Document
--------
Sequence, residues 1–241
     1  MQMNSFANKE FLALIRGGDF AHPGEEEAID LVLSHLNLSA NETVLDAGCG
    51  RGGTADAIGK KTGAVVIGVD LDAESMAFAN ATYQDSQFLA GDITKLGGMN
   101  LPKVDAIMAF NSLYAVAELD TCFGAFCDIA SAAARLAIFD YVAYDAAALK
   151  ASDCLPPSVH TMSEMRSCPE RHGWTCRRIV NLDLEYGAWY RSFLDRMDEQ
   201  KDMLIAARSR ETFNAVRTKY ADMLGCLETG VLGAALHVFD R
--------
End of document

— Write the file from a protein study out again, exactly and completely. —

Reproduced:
Sequence, residues 1–241
     1  MQMNSFANKE FLALIRGGDF AHPGEEEAID LVLSHLNLSA NETVLDAGCG
    51  RGGTADAIGK KTGAVVIGVD LDAESMAFAN ATYQDSQFLA GDITKLGGMN
   101  LPKVDAIMAF NSLYAVAELD TCFGAFCDIA SAAARLAIFD YVAYDAAALK
   151  ASDCLPPSVH TMSEMRSCPE RHGWTCRRIV NLDLEYGAWY RSFLDRMDEQ
   201  KDMLIAARSR ETFNAVRTKY ADMLGCLETG VLGAALHVFD R